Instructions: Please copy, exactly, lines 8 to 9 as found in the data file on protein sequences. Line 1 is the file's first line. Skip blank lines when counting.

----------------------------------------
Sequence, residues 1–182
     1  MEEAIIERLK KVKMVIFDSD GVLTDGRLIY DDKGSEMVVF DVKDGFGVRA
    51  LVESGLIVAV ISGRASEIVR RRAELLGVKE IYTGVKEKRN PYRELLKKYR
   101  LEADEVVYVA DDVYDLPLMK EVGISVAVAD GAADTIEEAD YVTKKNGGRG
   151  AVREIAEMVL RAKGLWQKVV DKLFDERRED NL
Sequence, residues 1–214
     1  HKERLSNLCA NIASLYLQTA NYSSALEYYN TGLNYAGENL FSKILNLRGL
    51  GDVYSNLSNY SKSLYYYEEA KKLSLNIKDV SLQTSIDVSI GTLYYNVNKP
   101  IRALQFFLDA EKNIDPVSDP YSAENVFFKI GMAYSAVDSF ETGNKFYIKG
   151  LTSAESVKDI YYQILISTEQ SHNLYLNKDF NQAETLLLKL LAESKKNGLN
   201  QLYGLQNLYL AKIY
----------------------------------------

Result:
    51  GDVYSNLSNY SKSLYYYEEA KKLSLNIKDV SLQTSIDVSI GTLYYNVNKP
   101  IRALQFFLDA EKNIDPVSDP YSAENVFFKI GMAYSAVDSF ETGNKFYIKG